Hidden costs

With everything you need to plan and do before you move, it’s easy to overlook some items on your to-do list. To make sure nothing takes you by surprise, review our list of hidden moving costs. It covers everything from boarding pets to possible parking tickets. (Your future self will thank you!)

How to finance a move

Moving can be expensive. Between hiring professionals (or getting a truck), buying packing supplies, and paying for storage, you may wonder how you’ll pay for everything. If you notice you’re going over budget, there are several financing options you can use to make it more manageable.

Save up and pay with cash

Best for: Those that have the time to save up

If you have a lot of high-interest debt from credit cards or student loans, consider planning your move and budget in advance. This will give you time to save up so you can use personal funds to cover the moving costs and avoid taking on more debt. 

Take out a personal loan

Best for: Those with decent credit

It can take a long time to save up for a house and you may not always have the luxury of time. Another great financing option is taking out a personal loan for your move (aka a moving loan). If you have decent credit, and you can make payments on time, you may qualify for a loan with favorable terms. 

If you don’t have “great” credit, there are lending platforms, such as Upstart, that consider additional factors like your work experience and education¹ to help find you a loan.

Pay with a credit card

Best for: Those that are high earners

Credit cards usually have higher interest rates than moving loans, which often makes them the more expensive financing option. However, if you cannot qualify for a loan and you don’t have time to save up, you may need to use a credit card.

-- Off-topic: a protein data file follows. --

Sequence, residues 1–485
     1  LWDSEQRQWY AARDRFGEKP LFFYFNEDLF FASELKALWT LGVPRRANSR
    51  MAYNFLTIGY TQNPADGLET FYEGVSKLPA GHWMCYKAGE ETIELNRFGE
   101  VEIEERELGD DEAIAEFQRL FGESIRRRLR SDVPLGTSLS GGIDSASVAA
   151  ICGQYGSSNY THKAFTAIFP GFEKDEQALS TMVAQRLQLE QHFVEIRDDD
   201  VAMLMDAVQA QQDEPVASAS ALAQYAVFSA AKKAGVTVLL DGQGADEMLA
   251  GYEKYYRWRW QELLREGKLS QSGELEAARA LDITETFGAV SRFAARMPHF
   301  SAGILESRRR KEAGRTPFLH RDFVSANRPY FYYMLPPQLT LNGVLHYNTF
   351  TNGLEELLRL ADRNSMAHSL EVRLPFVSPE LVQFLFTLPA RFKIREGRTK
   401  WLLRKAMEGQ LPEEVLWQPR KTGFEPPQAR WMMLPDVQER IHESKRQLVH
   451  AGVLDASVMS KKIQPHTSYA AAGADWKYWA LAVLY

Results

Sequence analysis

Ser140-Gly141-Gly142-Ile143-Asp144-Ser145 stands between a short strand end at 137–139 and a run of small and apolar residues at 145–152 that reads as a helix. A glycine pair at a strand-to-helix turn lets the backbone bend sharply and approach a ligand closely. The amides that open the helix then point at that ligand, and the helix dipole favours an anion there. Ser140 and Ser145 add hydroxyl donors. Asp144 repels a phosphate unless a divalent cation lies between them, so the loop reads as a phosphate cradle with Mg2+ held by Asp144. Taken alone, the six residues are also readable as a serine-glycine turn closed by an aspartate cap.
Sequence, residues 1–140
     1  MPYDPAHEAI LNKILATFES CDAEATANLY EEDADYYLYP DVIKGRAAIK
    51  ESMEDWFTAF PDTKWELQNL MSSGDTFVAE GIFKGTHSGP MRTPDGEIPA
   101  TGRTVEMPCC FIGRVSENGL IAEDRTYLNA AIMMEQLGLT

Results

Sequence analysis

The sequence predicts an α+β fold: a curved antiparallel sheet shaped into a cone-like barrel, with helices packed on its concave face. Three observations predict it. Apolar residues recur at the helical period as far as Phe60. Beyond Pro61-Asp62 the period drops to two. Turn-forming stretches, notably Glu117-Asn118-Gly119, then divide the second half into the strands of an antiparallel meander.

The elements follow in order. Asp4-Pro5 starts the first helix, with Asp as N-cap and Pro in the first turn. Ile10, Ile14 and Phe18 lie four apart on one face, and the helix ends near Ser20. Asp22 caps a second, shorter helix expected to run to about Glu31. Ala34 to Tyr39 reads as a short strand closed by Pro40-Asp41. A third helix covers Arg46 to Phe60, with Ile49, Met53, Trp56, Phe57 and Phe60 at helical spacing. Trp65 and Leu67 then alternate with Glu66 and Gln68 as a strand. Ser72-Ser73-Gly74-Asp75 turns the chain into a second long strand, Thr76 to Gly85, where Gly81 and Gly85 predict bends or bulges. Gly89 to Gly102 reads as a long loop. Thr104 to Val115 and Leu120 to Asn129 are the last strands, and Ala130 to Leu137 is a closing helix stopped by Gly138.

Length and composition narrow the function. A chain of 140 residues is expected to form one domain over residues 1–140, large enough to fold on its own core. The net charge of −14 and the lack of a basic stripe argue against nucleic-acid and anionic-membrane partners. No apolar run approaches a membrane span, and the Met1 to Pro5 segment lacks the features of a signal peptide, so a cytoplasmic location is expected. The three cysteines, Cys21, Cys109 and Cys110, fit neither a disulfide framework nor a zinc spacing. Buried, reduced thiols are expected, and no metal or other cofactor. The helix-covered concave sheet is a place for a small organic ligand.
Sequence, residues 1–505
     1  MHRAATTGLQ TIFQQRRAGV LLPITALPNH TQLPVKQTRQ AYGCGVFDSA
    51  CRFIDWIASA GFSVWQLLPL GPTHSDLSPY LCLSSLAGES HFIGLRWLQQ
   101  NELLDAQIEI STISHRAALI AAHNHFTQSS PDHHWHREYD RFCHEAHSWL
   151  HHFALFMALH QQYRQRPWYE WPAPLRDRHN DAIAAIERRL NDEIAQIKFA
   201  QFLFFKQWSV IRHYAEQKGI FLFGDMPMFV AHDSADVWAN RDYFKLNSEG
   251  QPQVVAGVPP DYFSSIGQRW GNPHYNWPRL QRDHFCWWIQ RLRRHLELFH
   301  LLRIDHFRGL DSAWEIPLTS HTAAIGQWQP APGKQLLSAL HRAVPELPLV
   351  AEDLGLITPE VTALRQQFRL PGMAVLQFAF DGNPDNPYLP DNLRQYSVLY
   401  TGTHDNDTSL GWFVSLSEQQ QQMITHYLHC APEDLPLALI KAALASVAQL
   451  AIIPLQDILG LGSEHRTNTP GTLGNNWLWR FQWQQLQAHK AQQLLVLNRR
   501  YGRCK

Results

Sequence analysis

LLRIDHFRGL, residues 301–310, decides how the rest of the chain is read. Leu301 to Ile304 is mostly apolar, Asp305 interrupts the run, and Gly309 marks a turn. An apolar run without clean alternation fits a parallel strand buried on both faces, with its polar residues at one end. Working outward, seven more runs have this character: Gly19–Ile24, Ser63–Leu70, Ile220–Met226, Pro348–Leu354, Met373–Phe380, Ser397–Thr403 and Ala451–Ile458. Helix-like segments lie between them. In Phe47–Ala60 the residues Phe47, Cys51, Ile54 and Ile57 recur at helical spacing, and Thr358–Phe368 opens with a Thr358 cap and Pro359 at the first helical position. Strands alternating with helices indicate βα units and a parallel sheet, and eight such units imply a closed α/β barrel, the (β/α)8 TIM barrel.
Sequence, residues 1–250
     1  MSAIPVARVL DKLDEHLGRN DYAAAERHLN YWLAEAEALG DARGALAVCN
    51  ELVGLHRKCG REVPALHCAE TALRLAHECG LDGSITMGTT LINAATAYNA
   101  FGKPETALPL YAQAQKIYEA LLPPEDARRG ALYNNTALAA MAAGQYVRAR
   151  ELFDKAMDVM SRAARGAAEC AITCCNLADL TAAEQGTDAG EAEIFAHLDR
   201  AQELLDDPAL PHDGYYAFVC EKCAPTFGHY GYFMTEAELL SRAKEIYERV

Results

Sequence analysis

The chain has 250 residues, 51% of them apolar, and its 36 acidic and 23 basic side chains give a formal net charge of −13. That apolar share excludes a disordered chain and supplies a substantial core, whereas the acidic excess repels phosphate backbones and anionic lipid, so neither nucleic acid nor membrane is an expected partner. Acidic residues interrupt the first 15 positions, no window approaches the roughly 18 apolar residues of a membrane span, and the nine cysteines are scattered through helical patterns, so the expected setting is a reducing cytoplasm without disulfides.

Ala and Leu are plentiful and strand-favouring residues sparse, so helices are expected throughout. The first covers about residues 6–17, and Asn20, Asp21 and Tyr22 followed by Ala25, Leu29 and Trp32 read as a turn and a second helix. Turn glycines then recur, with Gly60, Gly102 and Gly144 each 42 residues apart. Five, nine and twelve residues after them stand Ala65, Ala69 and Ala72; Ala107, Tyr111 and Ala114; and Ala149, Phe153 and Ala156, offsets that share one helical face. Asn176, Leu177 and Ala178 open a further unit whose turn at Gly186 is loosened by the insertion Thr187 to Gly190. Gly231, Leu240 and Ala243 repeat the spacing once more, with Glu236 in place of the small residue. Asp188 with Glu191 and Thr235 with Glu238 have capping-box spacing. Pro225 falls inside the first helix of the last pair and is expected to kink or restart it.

When you shop around for a credit card, keep an eye out for credit cards with a promotional 0% APR. If you qualify for this deal, you won’t be charged any interest within the promotional period, which can range between 6 to 21 months after you open your account.

Start moving

Now that you have an idea of how much it’ll cost to move, put words into action and create a plan. Start by considering what you need for your move, research different moving companies if you want to hire professionals and work it into your budget. By planning ahead, you’ll be move-in day ready.

¹Neither Upstart nor its bank partners have a minimum educational attainment requirement in order to be eligible for a loan.

This content is general in nature and is provided for informational purposes only. Upstart is not a financial advisor and does not offer financial planning services. This content may contain references to products and services offered through Upstart’s credit marketplace.

About the Author

Upstart Content Team

The Upstart Content Team shares industry insights, practical tips, and borrower success stories to help people better understand the important “money moments” of their lives.

More resources you may be interested in

What Is an Unsecured Loan?
What Is Passive Income?
The Top Reasons to Consider Refinancing Your Mortgage

See if Upstart is right for you

Check your rate lock Won't affect your credit score¹

1. When you check your rate, we check your credit report. This initial (soft) inquiry will not affect your credit score. If you accept your rate and proceed with your application, we do another (hard) credit inquiry that will impact your credit score. If you take out a loan, repayment information may be reported to the credit bureaus.